To help other parents apply this advice, as a parent of four I consulted an expert, our youngest child, and asked her to share with me her favorite books that were read to her as a young child. James and the Giant Peach was one of her picks.
The book is a wonderful witty exploration of the marvels of imagination as applied to nature. Every reader will look much more closely at the world around after finding so many interesting details to consider.
The story begins when James Henry Trotter was about four years old. He had been living happily with his parents in England. One day, they went shopping and were eaten by an angry runaway rhinoceros which had escaped from the London zoo. As a result, their wonderful home was sold and James Henry Trotter came to live with his decidedly dastardly aunts Sponge and Spiker. They mistreated and overworked James Michael Trotter much like the abuse that Cinderella experienced at the hands by her evil stepmother and stepsisters.
Poor James! He has become the most unhappy, lonely, and woebegone orphan in the world.
But his luck changes when a mysterious old man gives him some magic, in the form of wriggling little green things to put into water and drink. Then their magic will help James. "Whoever they meet first, be it bug . . . or tree, that will be . . . who gets the full power of their magic!" James is told to hold the bag tight and to hurry. But, alas, he trips and the contents of the bag spill out underneath the old barren peach tree in the yard. Quickly, the magic seeps into the ground as James scrambles to retrieve it.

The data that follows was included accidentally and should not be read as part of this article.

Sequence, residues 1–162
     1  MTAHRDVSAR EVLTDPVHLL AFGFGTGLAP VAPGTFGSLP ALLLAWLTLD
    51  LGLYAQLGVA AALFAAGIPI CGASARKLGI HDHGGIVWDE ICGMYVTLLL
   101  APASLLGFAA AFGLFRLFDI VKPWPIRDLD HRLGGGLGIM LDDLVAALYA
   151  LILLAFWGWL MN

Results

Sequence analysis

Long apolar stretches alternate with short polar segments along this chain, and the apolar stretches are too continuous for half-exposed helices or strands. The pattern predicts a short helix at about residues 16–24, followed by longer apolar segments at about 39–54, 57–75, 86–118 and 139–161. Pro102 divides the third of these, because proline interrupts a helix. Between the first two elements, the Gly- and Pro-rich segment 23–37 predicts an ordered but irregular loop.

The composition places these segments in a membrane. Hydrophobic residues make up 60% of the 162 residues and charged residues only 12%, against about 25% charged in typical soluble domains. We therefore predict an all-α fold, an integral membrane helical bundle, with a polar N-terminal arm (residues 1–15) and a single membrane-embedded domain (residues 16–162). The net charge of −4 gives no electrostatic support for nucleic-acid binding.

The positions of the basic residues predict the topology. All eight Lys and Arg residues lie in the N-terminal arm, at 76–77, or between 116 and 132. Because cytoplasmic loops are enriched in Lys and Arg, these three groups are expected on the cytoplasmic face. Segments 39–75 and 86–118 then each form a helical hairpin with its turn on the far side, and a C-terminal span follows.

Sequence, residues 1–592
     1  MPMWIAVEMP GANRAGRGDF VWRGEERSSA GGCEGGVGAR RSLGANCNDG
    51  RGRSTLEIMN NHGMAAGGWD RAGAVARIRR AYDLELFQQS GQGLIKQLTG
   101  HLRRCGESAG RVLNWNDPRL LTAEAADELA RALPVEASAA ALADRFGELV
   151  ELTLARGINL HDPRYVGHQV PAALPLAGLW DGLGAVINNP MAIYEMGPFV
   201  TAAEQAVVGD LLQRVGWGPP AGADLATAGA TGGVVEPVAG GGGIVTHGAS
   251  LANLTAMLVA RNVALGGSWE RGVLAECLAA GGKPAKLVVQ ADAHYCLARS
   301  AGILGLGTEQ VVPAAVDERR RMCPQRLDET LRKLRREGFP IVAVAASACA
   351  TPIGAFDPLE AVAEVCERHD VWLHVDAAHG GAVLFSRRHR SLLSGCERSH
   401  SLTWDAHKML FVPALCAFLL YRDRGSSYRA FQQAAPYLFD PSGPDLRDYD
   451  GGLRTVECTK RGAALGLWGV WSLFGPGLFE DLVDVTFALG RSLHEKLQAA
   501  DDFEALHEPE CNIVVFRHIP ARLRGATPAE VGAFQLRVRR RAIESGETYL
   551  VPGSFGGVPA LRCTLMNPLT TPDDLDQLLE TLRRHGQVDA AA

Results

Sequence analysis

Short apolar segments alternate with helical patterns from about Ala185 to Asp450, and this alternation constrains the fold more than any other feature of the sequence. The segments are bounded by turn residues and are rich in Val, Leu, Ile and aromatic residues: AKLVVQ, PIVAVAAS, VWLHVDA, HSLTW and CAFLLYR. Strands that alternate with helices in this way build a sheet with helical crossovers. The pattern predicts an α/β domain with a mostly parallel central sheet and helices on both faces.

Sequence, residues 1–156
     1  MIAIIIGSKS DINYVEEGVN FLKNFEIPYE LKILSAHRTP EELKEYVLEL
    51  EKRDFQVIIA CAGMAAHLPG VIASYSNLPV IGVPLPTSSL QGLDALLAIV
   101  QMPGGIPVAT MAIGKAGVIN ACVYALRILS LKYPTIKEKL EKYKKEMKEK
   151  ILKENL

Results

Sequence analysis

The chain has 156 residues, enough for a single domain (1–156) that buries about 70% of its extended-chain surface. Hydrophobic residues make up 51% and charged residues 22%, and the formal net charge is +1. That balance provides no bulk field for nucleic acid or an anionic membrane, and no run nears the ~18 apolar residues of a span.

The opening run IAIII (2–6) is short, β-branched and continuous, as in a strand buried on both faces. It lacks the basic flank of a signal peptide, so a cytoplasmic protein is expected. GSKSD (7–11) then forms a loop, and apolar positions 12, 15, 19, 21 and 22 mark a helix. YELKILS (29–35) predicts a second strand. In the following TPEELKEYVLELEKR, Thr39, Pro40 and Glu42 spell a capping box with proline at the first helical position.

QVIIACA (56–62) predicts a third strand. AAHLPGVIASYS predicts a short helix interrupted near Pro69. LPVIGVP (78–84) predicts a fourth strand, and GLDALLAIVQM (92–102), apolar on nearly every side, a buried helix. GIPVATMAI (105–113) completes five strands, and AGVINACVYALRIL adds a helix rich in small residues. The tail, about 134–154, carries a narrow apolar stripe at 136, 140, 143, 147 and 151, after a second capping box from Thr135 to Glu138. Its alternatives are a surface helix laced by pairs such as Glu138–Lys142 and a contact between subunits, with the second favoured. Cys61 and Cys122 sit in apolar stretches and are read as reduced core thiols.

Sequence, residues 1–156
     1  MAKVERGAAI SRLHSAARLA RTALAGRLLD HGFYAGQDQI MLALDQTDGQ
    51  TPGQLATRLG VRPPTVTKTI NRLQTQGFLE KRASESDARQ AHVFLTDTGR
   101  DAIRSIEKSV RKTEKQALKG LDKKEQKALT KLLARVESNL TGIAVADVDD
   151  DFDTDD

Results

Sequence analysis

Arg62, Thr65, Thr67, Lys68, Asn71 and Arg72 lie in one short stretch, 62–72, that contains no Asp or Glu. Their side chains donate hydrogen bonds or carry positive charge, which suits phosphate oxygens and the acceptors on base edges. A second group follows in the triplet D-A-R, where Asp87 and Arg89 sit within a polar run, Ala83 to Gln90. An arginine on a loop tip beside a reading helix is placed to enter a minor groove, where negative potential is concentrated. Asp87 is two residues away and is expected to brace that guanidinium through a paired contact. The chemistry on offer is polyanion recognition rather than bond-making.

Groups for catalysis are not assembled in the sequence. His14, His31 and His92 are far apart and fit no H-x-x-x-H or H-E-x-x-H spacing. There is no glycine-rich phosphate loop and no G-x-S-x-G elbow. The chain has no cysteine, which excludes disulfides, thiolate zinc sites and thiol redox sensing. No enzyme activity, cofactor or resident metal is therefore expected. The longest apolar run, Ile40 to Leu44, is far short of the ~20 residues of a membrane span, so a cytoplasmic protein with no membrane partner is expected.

Soon, the aunts spot a peach growing in the very top of the tree. And it keeps growing . . . and growing . . . and growing . . . and growing . . . until it's the size of a house. They concoct a scheme to get rich by charging admission to see the peach, while James is to stay out all night cleaning up the mess the visitors have made. Tired, he decides to look at the giant peach. He notices a hole, like a giant worm's tunnel in the bottom. He climbs in. What he finds leads him on one of the most amazing journeys that any 7 year old has ever had or imagined!
This story has a lot in common with Alice in Wonderland. Everything that happens prior to going through the hole in the peach is but a preamble for the role reversal in which the peach and the insects inside of it are made to be enormous. This is like Alice drinking the potion that makes her small. Yet the rest of the world stays its normal size. Basically, this is an encouragement to take the qualities of peaches and insects more seriously by exaggering their significance. You will learn a lot, and be charmed by how the information builds the story.
Along the way, Mr. Dahl asks some very interesting questions:
How do grasshoppers make sounds?
What benefits do earthworms, lady bugs, and spiders bring for people?
How many legs does a centipede have?
He also provides many fantastic explanations of natural processes, introducing cloud-men to make rainbows, hail, and rain. These are great fun and help develop the story.